The Fellowship was just what I needed following my career break. It gave me a career boost and I wouldn’t be where I am today without it.
Kathy began her career break after resigning from her post as Assistant Professor of Operational Research at the University of Warwick in 2011.
Prior to her career break, Kathy built up a very successful career within Warwick Business School (WBS) at the University of Warwick, and also at the University of Kent. Kathy obtained her PhD in Operational Research from the University of Kent and had a good career progression starting as a research assistant and then moving on to lecturer in management science (Kent) and then assistant professor (WBS).
Kathy had an illustrious start to her career in management science and operational research, including obtaining a large EPSRC grant as a PI shortly after joining the Business School at Warwick. This led to a very successful research project from which she generated a number of high-quality publications and won prizes for her work.
However, during this time, Kathy was juggling full-time work commitments whilst caring for her young son who was experiencing health issues. During her career break, Kathy’s son overcame his health issues and she went on to have another child.
My time at Warwick was very difficult due to my personal situation. I decided that I needed to focus on my family for a period of time without the pressure of full-time work.
After three and half years at home, with her children in school and nursery, she felt ready and keen to return to her career.
I was not completely happy during in my career break as I craved the academic environment but a high pressured rigid academic environment with fewer opportunities for advancement was not the solution either.
During her career break, Kathy had kept in touch with her field through an honorary affiliation with the University of Warwick, for whom she undertook a small amount of teaching and supervisory work. She also delivered executive education for her professional body, the Operational Research Society. Finally, Kathy continued to publish during her career break – contributing to four top tier journal articles, two peer-reviewed conference proceedings and one book chapter.
Regardless of the activities during Kathy’s career break and her ten-years of experience in operational research and management science, during her first round of job applications, Kathy was not shortlisted for any interviews.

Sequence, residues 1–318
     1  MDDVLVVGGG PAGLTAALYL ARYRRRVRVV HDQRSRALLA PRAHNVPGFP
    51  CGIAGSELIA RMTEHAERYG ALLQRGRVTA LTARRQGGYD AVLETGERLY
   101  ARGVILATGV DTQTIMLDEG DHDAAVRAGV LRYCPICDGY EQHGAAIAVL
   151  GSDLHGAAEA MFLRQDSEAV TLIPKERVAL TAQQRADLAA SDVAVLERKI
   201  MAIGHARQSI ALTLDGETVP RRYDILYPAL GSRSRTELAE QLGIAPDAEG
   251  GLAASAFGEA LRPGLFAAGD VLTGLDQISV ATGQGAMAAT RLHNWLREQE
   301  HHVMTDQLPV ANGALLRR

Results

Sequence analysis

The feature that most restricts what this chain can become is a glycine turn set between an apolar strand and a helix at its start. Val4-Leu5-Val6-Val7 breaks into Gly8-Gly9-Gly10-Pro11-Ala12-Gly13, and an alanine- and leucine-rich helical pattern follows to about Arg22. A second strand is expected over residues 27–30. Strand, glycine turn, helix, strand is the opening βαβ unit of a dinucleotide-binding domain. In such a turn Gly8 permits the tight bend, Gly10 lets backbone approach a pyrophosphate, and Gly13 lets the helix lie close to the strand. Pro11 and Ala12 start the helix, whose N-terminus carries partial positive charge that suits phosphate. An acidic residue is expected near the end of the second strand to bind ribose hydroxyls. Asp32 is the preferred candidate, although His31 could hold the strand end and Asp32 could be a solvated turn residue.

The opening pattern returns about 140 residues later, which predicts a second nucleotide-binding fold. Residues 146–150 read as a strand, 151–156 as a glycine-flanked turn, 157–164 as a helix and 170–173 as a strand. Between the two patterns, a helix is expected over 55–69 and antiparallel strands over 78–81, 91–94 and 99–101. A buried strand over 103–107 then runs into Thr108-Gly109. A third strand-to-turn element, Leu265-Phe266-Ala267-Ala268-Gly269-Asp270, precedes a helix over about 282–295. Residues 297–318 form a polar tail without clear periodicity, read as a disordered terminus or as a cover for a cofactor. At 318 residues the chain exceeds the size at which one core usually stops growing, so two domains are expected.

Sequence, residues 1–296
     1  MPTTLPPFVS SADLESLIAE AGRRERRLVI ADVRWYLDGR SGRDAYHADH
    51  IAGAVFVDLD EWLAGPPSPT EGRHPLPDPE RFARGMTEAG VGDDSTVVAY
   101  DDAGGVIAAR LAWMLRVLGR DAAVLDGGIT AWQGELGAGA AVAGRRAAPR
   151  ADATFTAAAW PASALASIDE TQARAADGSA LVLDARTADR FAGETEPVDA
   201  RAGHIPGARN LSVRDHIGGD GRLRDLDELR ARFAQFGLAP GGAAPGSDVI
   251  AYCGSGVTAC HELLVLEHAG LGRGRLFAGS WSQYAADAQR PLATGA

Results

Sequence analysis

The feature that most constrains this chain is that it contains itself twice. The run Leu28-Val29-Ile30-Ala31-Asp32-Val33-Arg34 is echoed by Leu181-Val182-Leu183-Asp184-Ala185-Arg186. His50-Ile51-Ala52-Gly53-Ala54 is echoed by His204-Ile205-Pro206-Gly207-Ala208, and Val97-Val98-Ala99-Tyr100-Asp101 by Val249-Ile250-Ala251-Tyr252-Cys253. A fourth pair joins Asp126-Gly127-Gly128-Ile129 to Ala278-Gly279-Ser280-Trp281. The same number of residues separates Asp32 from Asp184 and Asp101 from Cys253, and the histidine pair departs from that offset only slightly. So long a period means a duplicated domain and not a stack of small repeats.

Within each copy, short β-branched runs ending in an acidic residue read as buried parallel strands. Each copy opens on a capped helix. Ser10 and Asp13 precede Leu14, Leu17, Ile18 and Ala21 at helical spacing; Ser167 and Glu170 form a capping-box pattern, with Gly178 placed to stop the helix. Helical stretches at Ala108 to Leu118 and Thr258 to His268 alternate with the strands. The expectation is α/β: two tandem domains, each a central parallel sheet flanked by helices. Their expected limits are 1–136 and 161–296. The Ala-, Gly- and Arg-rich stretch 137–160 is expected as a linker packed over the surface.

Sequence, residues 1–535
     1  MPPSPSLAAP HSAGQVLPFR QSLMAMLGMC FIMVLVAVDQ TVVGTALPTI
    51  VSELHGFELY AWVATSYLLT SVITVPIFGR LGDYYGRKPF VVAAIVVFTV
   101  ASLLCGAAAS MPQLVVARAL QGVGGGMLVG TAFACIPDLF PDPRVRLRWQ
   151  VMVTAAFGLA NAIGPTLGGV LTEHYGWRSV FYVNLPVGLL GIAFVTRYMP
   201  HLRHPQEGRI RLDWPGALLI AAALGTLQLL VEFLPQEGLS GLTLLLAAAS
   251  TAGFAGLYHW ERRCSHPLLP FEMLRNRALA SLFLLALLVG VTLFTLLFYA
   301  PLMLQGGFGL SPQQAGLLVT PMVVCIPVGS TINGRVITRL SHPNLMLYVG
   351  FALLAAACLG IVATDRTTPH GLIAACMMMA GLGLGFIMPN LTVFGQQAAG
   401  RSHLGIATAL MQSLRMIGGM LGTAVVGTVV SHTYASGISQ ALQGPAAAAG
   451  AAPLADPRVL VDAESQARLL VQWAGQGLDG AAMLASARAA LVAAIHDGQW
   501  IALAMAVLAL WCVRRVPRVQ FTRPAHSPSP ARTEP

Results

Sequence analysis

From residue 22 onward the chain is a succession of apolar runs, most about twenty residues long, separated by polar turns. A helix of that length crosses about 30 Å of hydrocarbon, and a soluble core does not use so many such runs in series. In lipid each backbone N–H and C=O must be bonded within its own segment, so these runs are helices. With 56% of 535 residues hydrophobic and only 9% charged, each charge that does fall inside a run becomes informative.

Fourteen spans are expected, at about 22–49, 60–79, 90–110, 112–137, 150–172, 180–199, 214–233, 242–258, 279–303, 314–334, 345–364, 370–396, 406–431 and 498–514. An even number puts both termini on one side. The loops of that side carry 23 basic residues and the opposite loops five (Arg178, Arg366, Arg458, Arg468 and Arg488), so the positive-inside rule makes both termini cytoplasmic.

I felt that my career break was now holding me back despite remaining committed to returning to academia in this period of time. I was not sure that I would be able to return to academia and was considering a change in direction.
Kathy first heard about the Daphne Jackson Trust through a job advertisement which led her to applying. She was successfully awarded a Fellowship sponsored by the University of Kent, hosted within the University’s School of Computing. She started her Fellowship in 2014 and successfully completed in 2016. She was shortlisted for almost every academic post she applied for following on from the award of her Fellowship. She had decided to remain in the same region in order for her children to have the least disruption and benefit from the support network she had built up with other working mums during her career break. She still believes this was the right decision.
I needed a position that would enable me to be a mother as well as an academic. I felt I was perfectly suited to a Daphne Jackson Fellowship.
I found the Daphne Jackson training courses were excellent and very well designed. The presentation skills course was particularly useful given the need to present teaching and research at conferences, invited seminars and at job interviews. I felt supported by my Daphne Jackson advisor and the Trust throughout my Fellowship.
Kathy was appointed as a Reader in Management Science at Canterbury Christ Church University Business School in September 2016, two months before the end of her Daphne Jackson Fellowship. Today she is a leading expert in embedding stakeholder engagement in the process of simulation modelling and has the current position of Reader in Operational Research at the University of Kent.
Following the Fellowship, I am in a full-time permanent post at a level higher than my last academic post of Assistant Professor prior to my career break. My Fellowship gave me the confidence to apply for posts that were a good fit to my publication record.
Kathy also co-founded PartiSim, which stands for Participatory Simulation, an approach to support stakeholder involvement in the discrete event simulation modelling process.
- Two-year Fellowship, from 2014 – 2016
- Hosted by University of Kent
- Sponsored by University of Kent
- Research area: Self-adaptive discrete event simulation (SADES)